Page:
Wildcat in Seattle?

There was an interesting bit the other day on the rumor mill – courtesy of ESPN.com – about the Seattle Seahawks becoming the next team to employ the Wildcat formation on a regular basis. The Wildcat rumor was derived from an article featured in the News Tribune that profiled new Seahawk Isaiah Stanback.

The article, written by Dave Boling, explores the possibility of Isaiah Stanback as the quarterback in the Wildcat formation. This scenario became more than just a possibility when head coach Pete Carroll commented on Stanback’s versatility and ability as a passer:

“He can offer some help to do some things if we needed it at the quarterback spot to salvage a few situations,” Carroll said, adding that he was “anxious to see what he offers us.”

The Hawks already have three quarterbacks on the depth chart, but Carroll’s comment suggests that he might see Stanback as a possible “Wildcat” quarterback on occasion.

I love Stanback’s athleticism and versatility too, but didn’t we already go through this experiment with Seneca Wallace?

If you remember, Wallace spent more time running out of bounds behind the line of scrimmage than making a positive play with his feet or arm. A few of Mora’s trick plays – most specifically designed to exploit Wallace’s talents – resulted in positive gains, but the Wildcat formation was never regularly used during the regular season.

Maybe it was a result of poor play on the offensive line, but I thought Wallace in a “Wildcat” role was rather unimpressive. Why should we expect more from Stanback, who is far less proven in the National Football League than Wallace?

Despite hesitant support for Stanback in the Wildcat, I do like the idea of the Seahawks implementing the formation on a somewhat-regular basis. I wouldn’t mind developing the next Ronnie Brown in Seattle to run the Wildcat formation. I just don’t think Isaiah Stanback is the best option.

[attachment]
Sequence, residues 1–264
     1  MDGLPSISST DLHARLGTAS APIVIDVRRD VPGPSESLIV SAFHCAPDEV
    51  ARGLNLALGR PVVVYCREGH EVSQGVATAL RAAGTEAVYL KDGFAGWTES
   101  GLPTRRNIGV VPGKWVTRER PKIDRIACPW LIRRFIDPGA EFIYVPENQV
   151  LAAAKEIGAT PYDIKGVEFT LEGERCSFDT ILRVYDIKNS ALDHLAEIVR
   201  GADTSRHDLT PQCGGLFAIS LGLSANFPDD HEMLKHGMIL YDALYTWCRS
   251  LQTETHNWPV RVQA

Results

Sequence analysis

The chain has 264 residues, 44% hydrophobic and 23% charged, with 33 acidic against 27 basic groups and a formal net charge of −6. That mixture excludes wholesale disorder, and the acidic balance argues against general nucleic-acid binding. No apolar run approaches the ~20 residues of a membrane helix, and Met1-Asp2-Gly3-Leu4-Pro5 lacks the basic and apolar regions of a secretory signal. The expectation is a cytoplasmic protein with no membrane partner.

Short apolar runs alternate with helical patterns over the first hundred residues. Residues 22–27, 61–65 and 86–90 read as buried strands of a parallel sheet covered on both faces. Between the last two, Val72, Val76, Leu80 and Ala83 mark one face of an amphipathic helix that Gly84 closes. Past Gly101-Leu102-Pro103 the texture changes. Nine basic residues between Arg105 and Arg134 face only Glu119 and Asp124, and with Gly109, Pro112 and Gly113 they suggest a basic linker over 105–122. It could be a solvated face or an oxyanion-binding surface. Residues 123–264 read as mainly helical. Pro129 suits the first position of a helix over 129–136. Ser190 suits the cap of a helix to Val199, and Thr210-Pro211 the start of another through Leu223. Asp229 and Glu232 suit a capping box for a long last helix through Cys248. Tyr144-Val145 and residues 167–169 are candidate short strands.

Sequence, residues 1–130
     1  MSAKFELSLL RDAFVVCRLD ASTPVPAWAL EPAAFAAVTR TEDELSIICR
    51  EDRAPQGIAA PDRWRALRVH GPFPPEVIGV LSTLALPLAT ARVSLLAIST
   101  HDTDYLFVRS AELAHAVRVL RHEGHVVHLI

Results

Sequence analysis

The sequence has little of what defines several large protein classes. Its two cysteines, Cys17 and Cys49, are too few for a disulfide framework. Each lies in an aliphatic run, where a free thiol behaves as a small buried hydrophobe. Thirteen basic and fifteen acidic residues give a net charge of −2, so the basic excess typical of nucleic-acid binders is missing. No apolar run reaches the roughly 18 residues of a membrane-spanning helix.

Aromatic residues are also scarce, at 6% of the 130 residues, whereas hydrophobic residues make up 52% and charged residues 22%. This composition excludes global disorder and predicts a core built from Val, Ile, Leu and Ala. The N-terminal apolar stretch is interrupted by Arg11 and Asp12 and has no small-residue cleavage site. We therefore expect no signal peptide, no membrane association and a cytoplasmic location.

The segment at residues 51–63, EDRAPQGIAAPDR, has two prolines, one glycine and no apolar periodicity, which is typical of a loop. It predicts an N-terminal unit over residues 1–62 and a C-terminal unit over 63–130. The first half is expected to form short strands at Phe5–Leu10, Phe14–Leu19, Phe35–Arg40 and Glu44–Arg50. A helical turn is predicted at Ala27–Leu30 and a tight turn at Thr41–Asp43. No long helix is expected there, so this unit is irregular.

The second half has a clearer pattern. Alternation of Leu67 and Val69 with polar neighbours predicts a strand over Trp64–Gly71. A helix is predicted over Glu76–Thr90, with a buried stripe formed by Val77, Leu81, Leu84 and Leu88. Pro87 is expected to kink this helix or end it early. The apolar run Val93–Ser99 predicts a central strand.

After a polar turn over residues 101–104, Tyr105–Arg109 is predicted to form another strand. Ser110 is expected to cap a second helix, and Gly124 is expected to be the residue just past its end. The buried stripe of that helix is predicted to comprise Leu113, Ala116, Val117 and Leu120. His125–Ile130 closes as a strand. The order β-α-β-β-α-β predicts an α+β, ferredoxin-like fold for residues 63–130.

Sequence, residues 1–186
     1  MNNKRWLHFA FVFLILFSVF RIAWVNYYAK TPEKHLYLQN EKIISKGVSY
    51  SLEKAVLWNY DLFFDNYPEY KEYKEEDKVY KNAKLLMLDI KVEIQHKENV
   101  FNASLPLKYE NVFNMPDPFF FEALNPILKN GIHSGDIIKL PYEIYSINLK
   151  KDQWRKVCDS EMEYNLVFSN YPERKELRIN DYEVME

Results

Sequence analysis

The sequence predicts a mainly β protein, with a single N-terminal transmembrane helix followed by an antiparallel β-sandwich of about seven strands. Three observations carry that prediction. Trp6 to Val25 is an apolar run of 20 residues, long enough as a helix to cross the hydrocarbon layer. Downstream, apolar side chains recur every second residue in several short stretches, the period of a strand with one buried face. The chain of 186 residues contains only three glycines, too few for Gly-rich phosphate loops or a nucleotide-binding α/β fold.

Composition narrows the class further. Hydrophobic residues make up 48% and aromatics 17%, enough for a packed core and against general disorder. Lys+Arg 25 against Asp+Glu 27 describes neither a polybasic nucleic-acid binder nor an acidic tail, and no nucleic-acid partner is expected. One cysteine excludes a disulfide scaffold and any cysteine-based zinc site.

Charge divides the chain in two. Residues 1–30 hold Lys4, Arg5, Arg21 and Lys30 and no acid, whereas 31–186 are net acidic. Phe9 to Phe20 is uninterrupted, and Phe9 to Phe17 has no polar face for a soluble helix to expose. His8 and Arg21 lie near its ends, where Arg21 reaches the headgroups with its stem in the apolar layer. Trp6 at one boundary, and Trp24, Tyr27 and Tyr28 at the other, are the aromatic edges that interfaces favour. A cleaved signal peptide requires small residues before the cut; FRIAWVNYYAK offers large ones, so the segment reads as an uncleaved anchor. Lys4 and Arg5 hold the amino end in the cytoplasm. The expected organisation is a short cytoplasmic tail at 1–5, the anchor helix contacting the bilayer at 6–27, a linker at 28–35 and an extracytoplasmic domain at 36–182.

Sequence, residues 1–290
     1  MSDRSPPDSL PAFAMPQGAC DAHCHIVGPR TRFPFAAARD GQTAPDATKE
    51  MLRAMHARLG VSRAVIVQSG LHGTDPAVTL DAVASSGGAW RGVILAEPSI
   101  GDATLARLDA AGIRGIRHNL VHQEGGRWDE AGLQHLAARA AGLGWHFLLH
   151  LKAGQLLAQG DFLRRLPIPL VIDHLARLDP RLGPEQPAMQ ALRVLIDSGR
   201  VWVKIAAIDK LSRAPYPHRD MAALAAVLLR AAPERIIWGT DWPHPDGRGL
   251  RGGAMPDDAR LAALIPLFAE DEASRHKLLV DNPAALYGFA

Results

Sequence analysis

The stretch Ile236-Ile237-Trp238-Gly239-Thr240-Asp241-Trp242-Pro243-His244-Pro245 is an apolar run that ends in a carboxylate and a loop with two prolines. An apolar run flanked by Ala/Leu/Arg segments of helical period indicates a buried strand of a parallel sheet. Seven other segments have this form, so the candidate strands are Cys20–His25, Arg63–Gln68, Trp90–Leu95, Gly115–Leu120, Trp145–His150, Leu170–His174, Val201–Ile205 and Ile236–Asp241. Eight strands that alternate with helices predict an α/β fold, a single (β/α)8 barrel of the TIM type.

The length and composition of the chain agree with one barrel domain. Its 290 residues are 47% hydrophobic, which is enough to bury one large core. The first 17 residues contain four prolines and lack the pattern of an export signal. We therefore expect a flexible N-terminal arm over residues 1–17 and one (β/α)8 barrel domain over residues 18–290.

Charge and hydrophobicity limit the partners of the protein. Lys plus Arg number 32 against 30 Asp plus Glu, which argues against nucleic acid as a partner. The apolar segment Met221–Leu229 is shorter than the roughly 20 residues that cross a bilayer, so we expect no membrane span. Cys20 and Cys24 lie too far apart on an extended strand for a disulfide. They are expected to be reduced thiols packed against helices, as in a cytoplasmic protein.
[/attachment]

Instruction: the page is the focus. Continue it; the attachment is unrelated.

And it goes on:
What about Golden Tate?

I know Golden Tate doesn’t have the passing experience that Isaiah Stanback has, but he is a better playmaker with the ball in his hands. Ronnie Brown would never excel as a quarterback, but he is more than effective in Miami’s Wildcat.

Golden Tate is an extraordinary player with a unique set of skills. He may not be the fastest receiver or possess the best hands, but his ball skills are above average and he excels after the catch.

Tate is similar to a player like Percy Harvin, who excels at multiple skill-positions despite a smaller frame (around 5-foot-11, 200 pounds). Like Harvin, Tate has played at both running back and wide receiver. Both players have exceptional abilities when they have the ball, but neither player is a traditional NFL-receiver.

Following the NFL draft, SI.com’s Peter King wrote that Pete Carroll is well-aware of Tate’s unique skills:

When Carroll called him to welcome him to the Seahawks, he told him to be ready for anything – receiving, returning, rushing … and yes, Wildcatting. Golden Tate might play Ronnie Brown in Seattle.

It appears the Seahawks will employ a number of different formations to exploit the talents of different players. Stanback may be one option for the Wildcat or a similar formation, but don’t forget about Golden Tate, the Top Pot Bandit.

Don’t believe in Tate’s skills? Check out this video that mostly highlights him running out of the Wildcat:

Shaun Dolence: [email protected]
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Tags: Golden Tate Isaiah Stanback Jim Mora Notre Dame Percy Harvin Pete Carroll Quarterback Running Back Seattle Seahawks Seneca Wallace Wide Receiver Wildcat Wildcat Formation

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